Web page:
Stephen Harper recently suggested the fixed election date law he passed does not apply to minority governments.
Why, then, did the minority Harper government announce the fixed date of the next federal election was October 19, 2009?
An election, should one be called, would do much to obscure troubling headlines pulled from today’s Globe and Mail.
Amid a nationwide listeria outbreak from tainted meats packaged at Maple Leaf Foods comes news Canadian government and industry officials were frustrated by tough standards the US was insisting Canadian plants observe.
American officials wanted Canadian plants to conduct daily inspections and to test meat for listeria monocytogenes.
Instead, federal officials lobbied the US to adopt less stringent Canadian standards.
And, on March 31, the Canadian Food Inspection Agency eliminated inspection reports and packing plant rankings.
The Canadian Meat Council didn’t like that such reports often landed in reporters’ hands through access to information requests, according to a Globe and Mail story on Friday.
So the council lobbied the Harper government, successfully, to end the 20-year-old reporting and rankings system.
So far, the Listeria outbreak has been linked to the death of 15 Canadians nationwide.
Throughout the first two quarters of this year, Canada showed the weakest economic growth in 17 years.
While corporate profits rose 8.3 per cent, driven by record high oil and agriculture commodity prices, exports — especially lumber and automobiles —fell roughly five per cent from a year ago.
“People talk about a technical recession,” said Harper, a trained economist, from Inuvik. “Even if that’s true, I don’t think it’s a real recession.”
Many hoped Harper’s northern tour would bring promises of road, port or other infrastructure announcements.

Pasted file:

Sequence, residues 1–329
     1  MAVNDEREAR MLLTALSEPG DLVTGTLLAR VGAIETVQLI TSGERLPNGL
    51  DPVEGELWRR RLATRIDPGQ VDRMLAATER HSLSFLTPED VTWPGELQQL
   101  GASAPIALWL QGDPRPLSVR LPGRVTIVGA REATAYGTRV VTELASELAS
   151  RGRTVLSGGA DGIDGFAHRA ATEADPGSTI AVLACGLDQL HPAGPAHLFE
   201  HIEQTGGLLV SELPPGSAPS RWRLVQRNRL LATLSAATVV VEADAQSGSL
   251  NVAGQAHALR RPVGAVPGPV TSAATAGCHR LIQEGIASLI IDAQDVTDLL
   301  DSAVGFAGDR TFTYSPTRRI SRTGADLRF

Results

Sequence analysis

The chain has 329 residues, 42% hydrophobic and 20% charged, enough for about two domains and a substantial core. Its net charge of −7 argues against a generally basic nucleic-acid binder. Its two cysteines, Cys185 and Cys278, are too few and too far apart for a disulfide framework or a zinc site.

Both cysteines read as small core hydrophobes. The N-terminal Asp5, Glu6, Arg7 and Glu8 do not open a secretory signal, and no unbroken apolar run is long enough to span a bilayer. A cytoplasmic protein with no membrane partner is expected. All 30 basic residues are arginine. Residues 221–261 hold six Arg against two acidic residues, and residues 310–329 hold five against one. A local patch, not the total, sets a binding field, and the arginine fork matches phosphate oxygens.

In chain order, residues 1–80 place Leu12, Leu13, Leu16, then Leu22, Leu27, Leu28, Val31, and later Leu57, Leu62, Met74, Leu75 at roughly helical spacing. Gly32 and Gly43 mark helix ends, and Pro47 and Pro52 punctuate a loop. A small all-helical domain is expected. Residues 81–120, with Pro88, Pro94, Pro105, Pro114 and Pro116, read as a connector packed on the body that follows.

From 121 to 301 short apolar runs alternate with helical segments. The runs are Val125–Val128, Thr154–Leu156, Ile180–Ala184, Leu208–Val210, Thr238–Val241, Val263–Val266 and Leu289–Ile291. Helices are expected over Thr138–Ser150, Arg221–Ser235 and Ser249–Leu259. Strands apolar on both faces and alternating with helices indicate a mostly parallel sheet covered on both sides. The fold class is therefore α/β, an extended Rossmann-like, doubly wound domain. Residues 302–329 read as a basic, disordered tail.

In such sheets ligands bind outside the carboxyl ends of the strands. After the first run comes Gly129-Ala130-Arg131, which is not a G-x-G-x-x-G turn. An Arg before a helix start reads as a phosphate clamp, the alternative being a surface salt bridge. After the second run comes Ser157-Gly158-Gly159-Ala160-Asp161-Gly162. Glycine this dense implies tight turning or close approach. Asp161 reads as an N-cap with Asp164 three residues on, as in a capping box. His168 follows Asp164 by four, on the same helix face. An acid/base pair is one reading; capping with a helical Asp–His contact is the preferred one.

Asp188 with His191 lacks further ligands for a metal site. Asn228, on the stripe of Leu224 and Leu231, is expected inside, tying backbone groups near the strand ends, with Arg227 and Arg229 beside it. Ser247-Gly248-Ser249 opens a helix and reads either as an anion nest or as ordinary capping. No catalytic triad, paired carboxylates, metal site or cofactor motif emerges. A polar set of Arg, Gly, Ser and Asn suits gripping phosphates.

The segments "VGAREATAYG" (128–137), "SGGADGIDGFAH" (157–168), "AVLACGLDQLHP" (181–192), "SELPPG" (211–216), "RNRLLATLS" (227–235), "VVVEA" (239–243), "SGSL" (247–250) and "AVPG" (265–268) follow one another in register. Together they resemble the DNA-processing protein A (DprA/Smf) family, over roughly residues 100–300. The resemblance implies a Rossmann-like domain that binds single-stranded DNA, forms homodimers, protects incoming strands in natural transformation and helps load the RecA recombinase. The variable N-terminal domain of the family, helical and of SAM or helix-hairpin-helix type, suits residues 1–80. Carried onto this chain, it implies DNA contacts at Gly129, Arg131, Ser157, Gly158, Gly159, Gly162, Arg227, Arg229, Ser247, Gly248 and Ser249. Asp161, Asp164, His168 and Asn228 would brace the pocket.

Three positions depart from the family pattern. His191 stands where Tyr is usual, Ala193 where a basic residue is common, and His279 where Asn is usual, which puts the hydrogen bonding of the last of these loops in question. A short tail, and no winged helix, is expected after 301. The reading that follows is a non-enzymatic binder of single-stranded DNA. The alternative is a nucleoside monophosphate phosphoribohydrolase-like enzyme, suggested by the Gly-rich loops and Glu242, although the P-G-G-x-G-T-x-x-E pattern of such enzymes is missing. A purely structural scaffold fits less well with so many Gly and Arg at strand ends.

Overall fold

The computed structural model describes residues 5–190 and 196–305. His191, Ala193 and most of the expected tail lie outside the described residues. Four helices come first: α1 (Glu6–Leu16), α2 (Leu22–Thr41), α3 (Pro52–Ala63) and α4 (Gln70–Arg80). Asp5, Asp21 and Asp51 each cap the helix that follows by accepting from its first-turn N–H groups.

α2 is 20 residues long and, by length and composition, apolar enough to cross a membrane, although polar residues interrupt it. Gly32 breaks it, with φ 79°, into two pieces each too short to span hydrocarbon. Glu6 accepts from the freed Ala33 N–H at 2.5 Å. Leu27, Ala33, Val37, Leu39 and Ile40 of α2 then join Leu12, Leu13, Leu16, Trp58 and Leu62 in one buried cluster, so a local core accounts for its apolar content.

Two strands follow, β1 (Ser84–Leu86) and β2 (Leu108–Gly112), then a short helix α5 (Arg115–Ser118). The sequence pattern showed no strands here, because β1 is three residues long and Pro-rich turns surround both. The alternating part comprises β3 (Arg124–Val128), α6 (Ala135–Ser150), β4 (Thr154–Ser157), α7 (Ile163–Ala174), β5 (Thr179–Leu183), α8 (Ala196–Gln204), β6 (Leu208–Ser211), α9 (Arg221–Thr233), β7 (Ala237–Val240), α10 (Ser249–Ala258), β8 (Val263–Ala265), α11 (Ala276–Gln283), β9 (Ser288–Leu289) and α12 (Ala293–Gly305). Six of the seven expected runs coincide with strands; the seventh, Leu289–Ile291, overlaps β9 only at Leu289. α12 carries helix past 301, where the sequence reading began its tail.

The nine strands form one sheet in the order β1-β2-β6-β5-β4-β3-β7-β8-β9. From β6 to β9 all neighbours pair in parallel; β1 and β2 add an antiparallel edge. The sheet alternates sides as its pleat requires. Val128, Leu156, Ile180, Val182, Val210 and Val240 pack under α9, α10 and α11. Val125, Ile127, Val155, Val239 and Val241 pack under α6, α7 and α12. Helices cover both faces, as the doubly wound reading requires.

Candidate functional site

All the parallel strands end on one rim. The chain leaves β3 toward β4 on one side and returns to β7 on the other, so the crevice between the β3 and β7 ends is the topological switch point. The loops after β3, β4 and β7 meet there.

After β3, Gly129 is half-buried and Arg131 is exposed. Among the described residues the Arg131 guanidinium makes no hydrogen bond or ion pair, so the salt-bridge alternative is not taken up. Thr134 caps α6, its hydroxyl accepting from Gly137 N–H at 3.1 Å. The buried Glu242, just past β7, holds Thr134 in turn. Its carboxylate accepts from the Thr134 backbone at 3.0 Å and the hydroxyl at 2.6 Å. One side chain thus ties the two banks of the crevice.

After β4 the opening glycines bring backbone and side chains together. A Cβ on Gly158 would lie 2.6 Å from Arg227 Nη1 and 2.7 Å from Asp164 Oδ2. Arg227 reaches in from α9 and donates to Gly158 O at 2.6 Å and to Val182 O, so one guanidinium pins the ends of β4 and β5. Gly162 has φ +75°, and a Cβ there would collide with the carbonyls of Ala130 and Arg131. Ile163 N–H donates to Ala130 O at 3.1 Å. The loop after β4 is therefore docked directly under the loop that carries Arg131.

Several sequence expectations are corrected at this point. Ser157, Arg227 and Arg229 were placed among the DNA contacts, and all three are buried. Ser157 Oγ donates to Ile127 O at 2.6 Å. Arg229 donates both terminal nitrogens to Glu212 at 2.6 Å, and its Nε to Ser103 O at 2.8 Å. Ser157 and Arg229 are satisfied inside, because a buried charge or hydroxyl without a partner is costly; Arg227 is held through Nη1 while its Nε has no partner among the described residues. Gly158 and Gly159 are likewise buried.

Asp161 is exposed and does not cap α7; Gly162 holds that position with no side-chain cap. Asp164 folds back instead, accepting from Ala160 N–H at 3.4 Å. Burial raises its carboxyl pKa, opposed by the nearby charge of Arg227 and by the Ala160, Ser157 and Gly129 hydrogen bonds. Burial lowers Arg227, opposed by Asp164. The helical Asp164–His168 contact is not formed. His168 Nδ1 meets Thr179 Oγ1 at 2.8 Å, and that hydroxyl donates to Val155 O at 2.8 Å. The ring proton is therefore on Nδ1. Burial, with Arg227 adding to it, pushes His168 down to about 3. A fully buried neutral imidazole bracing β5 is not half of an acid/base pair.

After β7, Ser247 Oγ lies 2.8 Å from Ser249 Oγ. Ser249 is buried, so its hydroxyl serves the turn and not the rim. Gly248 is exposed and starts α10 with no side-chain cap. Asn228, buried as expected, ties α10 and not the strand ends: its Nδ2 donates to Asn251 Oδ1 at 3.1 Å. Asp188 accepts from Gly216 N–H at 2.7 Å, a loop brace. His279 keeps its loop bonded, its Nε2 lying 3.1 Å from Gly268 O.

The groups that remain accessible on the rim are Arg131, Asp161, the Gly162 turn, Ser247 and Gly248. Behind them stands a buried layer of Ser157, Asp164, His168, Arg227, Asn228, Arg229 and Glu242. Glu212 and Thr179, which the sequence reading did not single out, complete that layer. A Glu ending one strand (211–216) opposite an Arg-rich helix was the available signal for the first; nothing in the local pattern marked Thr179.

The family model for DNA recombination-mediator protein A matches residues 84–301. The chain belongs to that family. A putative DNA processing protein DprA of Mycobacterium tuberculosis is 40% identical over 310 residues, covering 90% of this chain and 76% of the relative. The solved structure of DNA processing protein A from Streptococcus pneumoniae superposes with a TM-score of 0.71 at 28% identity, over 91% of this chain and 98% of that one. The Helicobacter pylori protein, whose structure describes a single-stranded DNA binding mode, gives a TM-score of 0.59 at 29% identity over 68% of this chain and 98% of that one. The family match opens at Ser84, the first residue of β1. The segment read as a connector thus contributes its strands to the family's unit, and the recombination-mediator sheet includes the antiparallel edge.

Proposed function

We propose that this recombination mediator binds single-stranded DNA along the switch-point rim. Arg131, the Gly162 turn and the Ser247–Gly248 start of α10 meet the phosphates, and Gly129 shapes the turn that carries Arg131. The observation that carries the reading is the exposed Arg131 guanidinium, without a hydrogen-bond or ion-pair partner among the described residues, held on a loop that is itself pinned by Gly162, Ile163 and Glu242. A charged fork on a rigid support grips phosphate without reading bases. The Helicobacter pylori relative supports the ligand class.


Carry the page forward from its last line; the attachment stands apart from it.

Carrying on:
Instead, he announced Ottawa wanted to track pollution farther from shore, pushing monitoring out 200 nautical miles from land.
Harper’s tour follows a string or re-announcements visiting federal ministers have made over the last couple of months.
All of which suggests Harper’s government has little spending room available.
Two years ago, Canada posted a multi-billion-dollar surplus.
Since its election in 2006, the Harper government has systematically cut taxes and increased spending on the military and domestic security.
As a result of the slowing economy, Canada could be in a deficit position within two years, said Bay Street economists interviewed by Canwest News Service.
Finally, the RCMP are investigating a real-estate deal involving the Kevlar Group, a firm associated with Julie Couillard, ex-girlfriend of former Foreign Affairs minister Maxime Bernier and ministerial adviser Bernard Cote, who worked for then-minister of Public Works Michael Fortier.
Both Cote and Bernier lost their jobs through their association with Couillard, a Kevlar real-estate agent.
Both men have admitted Couillard discussed the Quebec City land deal with them.
Kevlar’s first bid on the project was rejected. The Harper government then changed the bid specifications, allowing Kevlar to submit a new one.
RCMP have contacted federal officials about the bid, the Globe reported Friday.
The land deal was cancelled by the Harper government on Thursday.
Police are also asking questions about Diane Bellemare, Couillard’s mother, who was appointed to the Employment Insurance Board of Referees by cabinet in August 2007.
All of which should give Canadians much to consider entering a federal election.
Unfortunately, elections are terrible forums to explore complicated legal and economic issues.
And that may, in fact, be the reason we’re facing one. (Richard Mostyn)